A conference bringing together scientists, philosophers, and theologians gathered in Geneva this week to explore the implications of the Higgs boson (aka “the god particle”) on beliefs about the origin of all things. CERN, the European Organization for Nuclear Research, last July finally observed the elusive “missing cornerstone of particle physics.”1 This three-day event—“The Big Bang and the interfaces of knowledge: towards a common language?”—was organized to enable “scientists from a range of disciplines to dialogue with philosophers and theologians from the world religions about the nature of the Big Bang Theory.”2 According to CERN director Rolf Heuer, CERN intended it as a forum to discuss the “deeper insight and understanding of the moments after the Big Bang” provided by the Higgs discovery.
“We might find new ways of talking to each other about the beginning of the world,” explained the Archbishop of Canterbury’s Brussels representative Gary Wilton, adding that the Higgs particle “raised lots of questions [about the origins of the universe] that scientists alone can’t answer. They need to explore them with theologians and philosophers.” He hopes that “scientists, theologians and philosophers alike might gain fresh insights from each other's disciplines.”
We might find new ways of talking to each other about the beginning of the world.
In particular, the presence of Oxford apologist John Lennox, an outspoken critic of atheism, was expected to inject a voice for God into the mix. In response to atheistic physicist Lawrence Krauss’s assertion that “the Higgs particle is now arguably more relevant than God,” Lennox recently published an essay “Not the God of the Gaps, But of the Whole Show”3 Lennox indicated that discovery of a scientific or natural explanation does not write God out of the picture—He’s the one that created the picture in the first place. God created all things—including the laws of physics. Lennox’s analysis mentioned the truly great physicists who honored the God whose creation they studied. Lennox is a committed Christian, and his writings have encouraged Christians to defend their faith. Unfortunately, Lennox’s own position on the historicity of the book of Genesis (e.g., age of the earth) compromises Scripture to fit mainstream scientific interpretations of origins that spring from an atheistic worldview. (See “Review of John Lennox’s Book Seven Days That Divide the World: The Beginning According to Genesis and Science” for a thorough discussion.)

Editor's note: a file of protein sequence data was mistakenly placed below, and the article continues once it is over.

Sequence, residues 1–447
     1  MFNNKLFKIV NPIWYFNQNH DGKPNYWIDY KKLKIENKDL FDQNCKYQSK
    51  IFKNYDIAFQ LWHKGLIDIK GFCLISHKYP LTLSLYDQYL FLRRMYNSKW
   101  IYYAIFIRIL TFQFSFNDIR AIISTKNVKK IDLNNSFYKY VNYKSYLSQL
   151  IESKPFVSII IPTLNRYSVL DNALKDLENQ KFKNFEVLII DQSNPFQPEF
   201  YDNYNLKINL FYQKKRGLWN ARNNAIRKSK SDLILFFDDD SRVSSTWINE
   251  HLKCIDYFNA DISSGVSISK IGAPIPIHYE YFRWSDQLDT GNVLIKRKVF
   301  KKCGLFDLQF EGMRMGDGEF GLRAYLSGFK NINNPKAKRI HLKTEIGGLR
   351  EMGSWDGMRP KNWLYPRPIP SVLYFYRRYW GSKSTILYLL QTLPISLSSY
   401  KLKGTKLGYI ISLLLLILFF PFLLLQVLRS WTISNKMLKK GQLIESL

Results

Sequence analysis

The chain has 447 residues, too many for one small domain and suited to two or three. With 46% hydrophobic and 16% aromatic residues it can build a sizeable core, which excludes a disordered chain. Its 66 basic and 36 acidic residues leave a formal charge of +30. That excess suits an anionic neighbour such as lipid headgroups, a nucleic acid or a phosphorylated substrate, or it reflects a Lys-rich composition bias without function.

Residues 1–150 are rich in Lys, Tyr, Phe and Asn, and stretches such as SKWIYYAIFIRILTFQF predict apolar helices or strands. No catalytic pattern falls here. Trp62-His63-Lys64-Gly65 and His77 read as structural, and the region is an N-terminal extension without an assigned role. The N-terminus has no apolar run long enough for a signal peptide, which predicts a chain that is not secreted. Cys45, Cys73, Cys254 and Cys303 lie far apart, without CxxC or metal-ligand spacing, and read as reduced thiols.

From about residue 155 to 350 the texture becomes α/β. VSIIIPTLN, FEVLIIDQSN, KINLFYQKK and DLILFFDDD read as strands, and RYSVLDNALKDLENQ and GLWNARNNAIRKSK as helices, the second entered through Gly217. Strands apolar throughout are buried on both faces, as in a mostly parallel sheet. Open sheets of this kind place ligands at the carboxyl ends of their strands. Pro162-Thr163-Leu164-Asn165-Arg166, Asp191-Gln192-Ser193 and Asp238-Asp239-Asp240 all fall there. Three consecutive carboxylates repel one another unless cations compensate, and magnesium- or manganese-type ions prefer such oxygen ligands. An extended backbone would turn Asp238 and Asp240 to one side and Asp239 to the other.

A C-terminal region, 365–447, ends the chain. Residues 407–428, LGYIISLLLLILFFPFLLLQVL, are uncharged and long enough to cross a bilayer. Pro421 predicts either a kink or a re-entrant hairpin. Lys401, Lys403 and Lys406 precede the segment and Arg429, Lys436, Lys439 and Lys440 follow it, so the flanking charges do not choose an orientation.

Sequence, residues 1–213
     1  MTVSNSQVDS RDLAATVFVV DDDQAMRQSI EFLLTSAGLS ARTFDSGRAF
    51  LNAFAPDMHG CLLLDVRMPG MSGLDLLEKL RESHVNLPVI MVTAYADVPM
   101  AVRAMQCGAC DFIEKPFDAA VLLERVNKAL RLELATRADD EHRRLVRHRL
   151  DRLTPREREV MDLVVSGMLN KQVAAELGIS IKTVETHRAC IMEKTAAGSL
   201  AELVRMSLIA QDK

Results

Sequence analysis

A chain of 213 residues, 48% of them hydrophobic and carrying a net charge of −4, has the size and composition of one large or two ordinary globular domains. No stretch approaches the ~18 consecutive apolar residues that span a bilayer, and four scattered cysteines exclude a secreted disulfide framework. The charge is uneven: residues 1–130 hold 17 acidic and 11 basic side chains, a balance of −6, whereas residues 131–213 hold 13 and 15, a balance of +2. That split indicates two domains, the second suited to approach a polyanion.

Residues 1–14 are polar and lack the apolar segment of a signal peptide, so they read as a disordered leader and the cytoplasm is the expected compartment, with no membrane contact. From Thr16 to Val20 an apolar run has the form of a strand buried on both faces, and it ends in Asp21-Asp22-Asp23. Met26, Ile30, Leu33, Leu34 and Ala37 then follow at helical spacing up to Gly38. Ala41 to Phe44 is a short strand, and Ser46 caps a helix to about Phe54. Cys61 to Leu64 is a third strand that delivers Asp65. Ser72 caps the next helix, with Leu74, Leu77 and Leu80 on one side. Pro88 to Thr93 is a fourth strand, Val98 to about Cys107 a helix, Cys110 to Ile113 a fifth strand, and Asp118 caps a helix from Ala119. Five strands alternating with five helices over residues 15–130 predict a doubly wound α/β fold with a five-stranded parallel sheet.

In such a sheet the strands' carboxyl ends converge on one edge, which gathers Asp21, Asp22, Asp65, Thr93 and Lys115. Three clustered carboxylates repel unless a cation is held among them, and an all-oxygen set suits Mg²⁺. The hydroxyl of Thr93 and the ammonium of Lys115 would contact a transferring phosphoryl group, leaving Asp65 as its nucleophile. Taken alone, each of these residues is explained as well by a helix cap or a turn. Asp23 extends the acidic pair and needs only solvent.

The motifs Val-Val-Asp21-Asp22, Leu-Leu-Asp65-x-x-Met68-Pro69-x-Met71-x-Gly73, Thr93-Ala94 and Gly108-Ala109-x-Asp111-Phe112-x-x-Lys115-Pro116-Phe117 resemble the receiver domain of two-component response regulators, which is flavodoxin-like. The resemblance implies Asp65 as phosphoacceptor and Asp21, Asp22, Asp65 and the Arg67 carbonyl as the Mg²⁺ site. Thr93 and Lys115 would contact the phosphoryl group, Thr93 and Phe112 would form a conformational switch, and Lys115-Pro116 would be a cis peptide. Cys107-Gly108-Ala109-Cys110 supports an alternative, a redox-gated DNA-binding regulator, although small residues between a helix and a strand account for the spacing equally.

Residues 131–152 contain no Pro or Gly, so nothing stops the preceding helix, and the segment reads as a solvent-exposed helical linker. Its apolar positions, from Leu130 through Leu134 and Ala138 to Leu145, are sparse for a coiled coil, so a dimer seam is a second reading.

Many seem to believe that the Higgs discovery explains origins, proves the big bang happened, and eliminates the need for a Creator. However, the ability to produce, in a laboratory, conditions that supposedly existed after a theoretical big bang does not prove those conditions ever came about naturally or that the big bang produced the universe. The Higgs boson discovery deepens our understanding of the nature of matter and energy, but does not rule out a supernaturally created origin for that matter and energy.
So could this meeting of the minds arrive at genuine answers? No. While Wilton is correct that science cannot provide all the answers about origins—such as those raised by Lennox—the starting point for discussion at the CERN conference was the presumption that the big bang was an actual historical event, established unquestionably in the delegates’ minds. The corollary of this starting point is that the Word of God—with God’s eyewitness account of origins—cannot be trusted.
The delegates’ conclusions may satisfy some, but with the unverifiable “truth” of the big bang as their starting point and their predetermination to deny Scriptural truth, they must inevitably draw untrue conclusions. “Common ground” with those who maintain the big bang occurred can only be reached through Scriptural compromise. Indeed, why would any secular scientist give heed to the claims that a divine Creator exists when those who represent Him distort His own eyewitness account of creation?
- Finding “The Missing Cornerstone of Physics”
- Physics Creating the Earth
- Does the Big Bang Fit with the Bible?
- News to Note, August 25, 2012
- John Lennox and a Sad Divide
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